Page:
The point of no return in Ethiopia



By Beza Tesfaye

Hundreds of Ethiopians have been killed by their government this year. Hundreds. You might not have known because casualty numbers have been played down; “evil forces” and accidents are blamed rather than the soldiers that fired the bullets; we are even deprived of the ability to fully grasp the situation because journalists are not allowed to report on it and the Internet is periodically shut down by the government. (In fact, last week Ethiopia finally admitted to the deaths of more than 500 anti-government protestors. Protesters insist that more people have died.) Whatever we make of the government’s prevarication, the Irreechaa Massacre that took place at the beginning of this month was a point of no return.

Irreechaa is a sacred holiday celebrated by the Oromo people, when several thousands gather annually at the banks of Lake Hora Arasadi in the town of Bishoftu to give thanks. At this year’s Irreechaa celebration, a peaceful protest broke out after government officials tried to control who was allowed to speak at the large gathering. What happened next is unpardonable.

Video footage shows government forces shooting tear gas and live ammunition into the crowd. Panic erupts. Women, children and men who had come to celebrate flee for safety but many are trampled on, drown and fall to their deaths. The government claims only 55 were killed in the incident. Non-governmental sources, however, put that figure at over 300. Mainstream media has conveniently portrayed the cause of the tragedy as a stampede yet simple logic refutes this. “When you fire on a crowd of 3 million close to a cliff and adjacent to a lake, causing mayhem, that is not a stampede. It is a massacre,” says Dr. Awol Allo, a law lecturer at Keele University in the United Kingdom.

Frustrations and grievances in Ethiopia have been growing for years. In 2014, protests began over the Master Plan to expand the capital Addis Ababa into Oromia Region. This was just the spark. Though the Master Plan has been abandoned for now, thousands of people across Oromia and more recently Amhara regions have continued to protest against the government. Their demands are fairly basic: human rights, an end to authoritarian rule, equal treatment of all ethnic groups, and restoration of ancestral lands that have been snatched and sold oftentimes under the guise of development.

The government’s brutal response has only added fuel to the fire. Irreechaa is the most recent example of this. Within days of the massacre a wave of anti-government protests erupted across the country, mostly in the Oromia Region. People are coming out in larger and larger numbers. Fear is dissipating and giving way to determination. Many activists believe it is too late for reconciliation — that “the opportunity for dialogue was closed with Ireechaa”.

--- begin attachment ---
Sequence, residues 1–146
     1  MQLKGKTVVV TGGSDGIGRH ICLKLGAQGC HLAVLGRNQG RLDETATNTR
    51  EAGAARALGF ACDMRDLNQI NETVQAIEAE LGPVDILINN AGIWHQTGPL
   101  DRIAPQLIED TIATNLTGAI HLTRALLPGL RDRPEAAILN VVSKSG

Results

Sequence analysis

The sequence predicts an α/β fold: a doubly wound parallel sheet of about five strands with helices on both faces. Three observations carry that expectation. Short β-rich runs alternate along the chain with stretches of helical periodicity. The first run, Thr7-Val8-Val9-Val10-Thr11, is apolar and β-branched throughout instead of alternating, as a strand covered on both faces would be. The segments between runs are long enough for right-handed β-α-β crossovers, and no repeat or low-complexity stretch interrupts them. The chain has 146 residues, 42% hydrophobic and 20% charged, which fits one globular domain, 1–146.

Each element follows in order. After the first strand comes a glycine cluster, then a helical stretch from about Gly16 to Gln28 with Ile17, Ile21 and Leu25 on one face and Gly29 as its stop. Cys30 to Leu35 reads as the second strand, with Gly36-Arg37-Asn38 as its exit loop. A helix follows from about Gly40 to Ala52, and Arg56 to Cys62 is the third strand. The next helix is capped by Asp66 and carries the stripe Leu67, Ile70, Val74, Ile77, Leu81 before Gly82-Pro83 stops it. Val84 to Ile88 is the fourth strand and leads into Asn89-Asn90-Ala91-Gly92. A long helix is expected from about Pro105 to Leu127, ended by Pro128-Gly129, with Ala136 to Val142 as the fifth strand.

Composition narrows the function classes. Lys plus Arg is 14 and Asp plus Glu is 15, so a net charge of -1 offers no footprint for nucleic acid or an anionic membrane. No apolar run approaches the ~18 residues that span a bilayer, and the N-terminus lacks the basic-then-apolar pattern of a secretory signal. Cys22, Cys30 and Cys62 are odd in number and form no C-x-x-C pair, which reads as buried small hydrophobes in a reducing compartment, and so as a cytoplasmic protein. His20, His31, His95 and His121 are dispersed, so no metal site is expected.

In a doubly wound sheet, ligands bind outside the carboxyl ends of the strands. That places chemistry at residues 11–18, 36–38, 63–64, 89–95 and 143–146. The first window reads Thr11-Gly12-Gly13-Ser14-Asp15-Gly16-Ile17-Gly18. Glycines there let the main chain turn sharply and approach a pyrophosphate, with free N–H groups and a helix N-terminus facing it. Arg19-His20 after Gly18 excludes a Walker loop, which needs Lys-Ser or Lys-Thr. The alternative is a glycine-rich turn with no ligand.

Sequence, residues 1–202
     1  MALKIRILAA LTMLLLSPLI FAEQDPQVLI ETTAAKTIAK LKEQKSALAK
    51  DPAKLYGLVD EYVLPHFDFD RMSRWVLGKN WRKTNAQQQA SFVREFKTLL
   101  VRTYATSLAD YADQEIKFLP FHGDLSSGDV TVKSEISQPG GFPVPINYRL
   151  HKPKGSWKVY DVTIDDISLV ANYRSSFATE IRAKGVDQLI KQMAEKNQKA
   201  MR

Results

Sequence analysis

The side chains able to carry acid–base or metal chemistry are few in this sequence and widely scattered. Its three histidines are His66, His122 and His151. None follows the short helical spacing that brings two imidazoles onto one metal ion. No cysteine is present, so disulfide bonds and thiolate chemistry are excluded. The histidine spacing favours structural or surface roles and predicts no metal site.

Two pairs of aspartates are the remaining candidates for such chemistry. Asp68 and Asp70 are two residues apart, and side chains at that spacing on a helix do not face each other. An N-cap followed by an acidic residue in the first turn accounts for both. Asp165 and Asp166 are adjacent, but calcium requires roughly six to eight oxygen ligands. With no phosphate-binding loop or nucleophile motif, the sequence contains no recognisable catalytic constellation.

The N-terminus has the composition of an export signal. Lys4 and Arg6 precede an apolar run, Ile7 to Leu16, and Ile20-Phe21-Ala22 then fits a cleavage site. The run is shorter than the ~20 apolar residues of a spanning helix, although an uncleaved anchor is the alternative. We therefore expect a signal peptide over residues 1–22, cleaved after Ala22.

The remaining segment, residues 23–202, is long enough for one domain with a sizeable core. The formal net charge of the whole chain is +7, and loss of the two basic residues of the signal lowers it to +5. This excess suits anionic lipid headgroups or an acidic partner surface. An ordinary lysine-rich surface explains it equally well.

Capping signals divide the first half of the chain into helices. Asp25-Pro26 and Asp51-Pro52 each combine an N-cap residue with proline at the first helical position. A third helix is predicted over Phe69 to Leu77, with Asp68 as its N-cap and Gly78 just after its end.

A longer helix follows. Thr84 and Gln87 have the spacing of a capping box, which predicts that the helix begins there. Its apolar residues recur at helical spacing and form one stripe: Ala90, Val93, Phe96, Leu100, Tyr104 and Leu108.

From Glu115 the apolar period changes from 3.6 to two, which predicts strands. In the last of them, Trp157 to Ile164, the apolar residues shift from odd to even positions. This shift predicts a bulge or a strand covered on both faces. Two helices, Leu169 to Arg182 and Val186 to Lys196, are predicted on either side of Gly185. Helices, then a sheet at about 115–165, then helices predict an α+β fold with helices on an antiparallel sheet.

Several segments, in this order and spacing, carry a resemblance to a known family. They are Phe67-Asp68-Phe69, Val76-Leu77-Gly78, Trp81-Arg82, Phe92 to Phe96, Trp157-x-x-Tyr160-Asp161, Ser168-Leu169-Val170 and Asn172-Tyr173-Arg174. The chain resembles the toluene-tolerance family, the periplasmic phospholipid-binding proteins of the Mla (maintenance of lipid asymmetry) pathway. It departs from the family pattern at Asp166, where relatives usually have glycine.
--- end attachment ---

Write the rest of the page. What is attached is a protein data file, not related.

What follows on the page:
No one is to blame for this but the government itself. The EPRDF government in Ethiopia has been tragically recalcitrant and short-sighted in dealing with the legitimate concerns of its citizens. Externally it has touted its success in maintaining stability and spurring double digit economic growth rates as a source of legitimacy, while internally it shoved itself into the seat of power by eradicating any form of real opposition. But anyone who has been to Ethiopia knows precisely well that the image of “Africa’s rising star” is only a façade, which tries to cover up deep rooted social and economic inequalities, abject poverty and human suffering, ethnic patronage and corruption, and a weak economy that is overly reliant on foreign investment. In short, the political, economic and social situation in Ethiopia today is not, by any stretch of the imagination, stable, despite what the EPRDF’s self-interested allies like the United States would like to believe.

Over the years, various groups that have tried many ways to peacefully seek change in Ethiopia. In 2005, opposition groups tried to compete in elections. When they almost won, they were arrested and exiled. In 2012 Muslims across the country peacefully demonstrated for more liberties and autonomy. As their movement gained momentum, many of their leaders were labeled as terrorists and sent to prison. In 2014, Oromos began to protest against the government’s ill-conceived Master Plan and are now paying the price. Throughout this period, countless activists, journalists and students have been arrested, numerous independent media outlets have been shut down, and the space for civil society groups has shrunk almost to the point of nonexistence.

The great Frantz Fanon explained that, “we revolt simply because, for many reasons, we can no longer breathe.” In Ethiopia, the government’s actions have left many people with no other option but to fight. It is a country that has experienced much civil violence in the past, and is reluctant to return to it. However, the people’s patience is limited. Already, protestors are beginning to take more desperate measures. Some have torched foreign companies to send a message to the government and its foreign investors that their concerns and frustrations can no longer be brushed aside. From Eritrea, Dr. Berhanu Nega — who once ran as part of an opposition party in the 2005 elections — is preparing for a full-fledged guerilla war.

At this point the EPRDF only has two options: cut its losses, gradually cede power and make way for meaningful elections or dig its boots deeper into the ground, like a stubborn child, and hold out for as long as it can. The consequences of the second option will be more bloodshed and in the end a much greater fall for the regime. History has shown that when Ethiopians have had enough, they have overthrown even an imperial monarchy dating back centuries. The old Ethiopian proverb should be a warning: “When spider webs unite, they can tie up a lion.”
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